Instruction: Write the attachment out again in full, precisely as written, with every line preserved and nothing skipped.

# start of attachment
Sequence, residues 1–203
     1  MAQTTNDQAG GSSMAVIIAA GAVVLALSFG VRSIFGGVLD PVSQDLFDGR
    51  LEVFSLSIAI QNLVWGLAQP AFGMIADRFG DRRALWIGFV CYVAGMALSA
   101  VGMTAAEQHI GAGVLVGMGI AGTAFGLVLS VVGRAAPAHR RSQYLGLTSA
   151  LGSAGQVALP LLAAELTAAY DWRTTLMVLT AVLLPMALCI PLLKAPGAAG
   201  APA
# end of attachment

Sequence, residues 1–203
     1  MAQTTNDQAG GSSMAVIIAA GAVVLALSFG VRSIFGGVLD PVSQDLFDGR
    51  LEVFSLSIAI QNLVWGLAQP AFGMIADRFG DRRALWIGFV CYVAGMALSA
   101  VGMTAAEQHI GAGVLVGMGI AGTAFGLVLS VVGRAAPAHR RSQYLGLTSA
   151  LGSAGQVALP LLAAELTAAY DWRTTLMVLT AVLLPMALCI PLLKAPGAAG
   201  APA